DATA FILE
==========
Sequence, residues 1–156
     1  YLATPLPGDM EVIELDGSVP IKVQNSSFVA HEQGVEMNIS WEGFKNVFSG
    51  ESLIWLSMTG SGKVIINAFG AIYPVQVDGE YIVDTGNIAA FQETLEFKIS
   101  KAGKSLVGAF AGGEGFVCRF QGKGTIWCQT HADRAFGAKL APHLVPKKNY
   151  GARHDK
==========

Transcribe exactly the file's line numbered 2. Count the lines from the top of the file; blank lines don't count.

     1  YLATPLPGDM EVIELDGSVP IKVQNSSFVA HEQGVEMNIS WEGFKNVFSG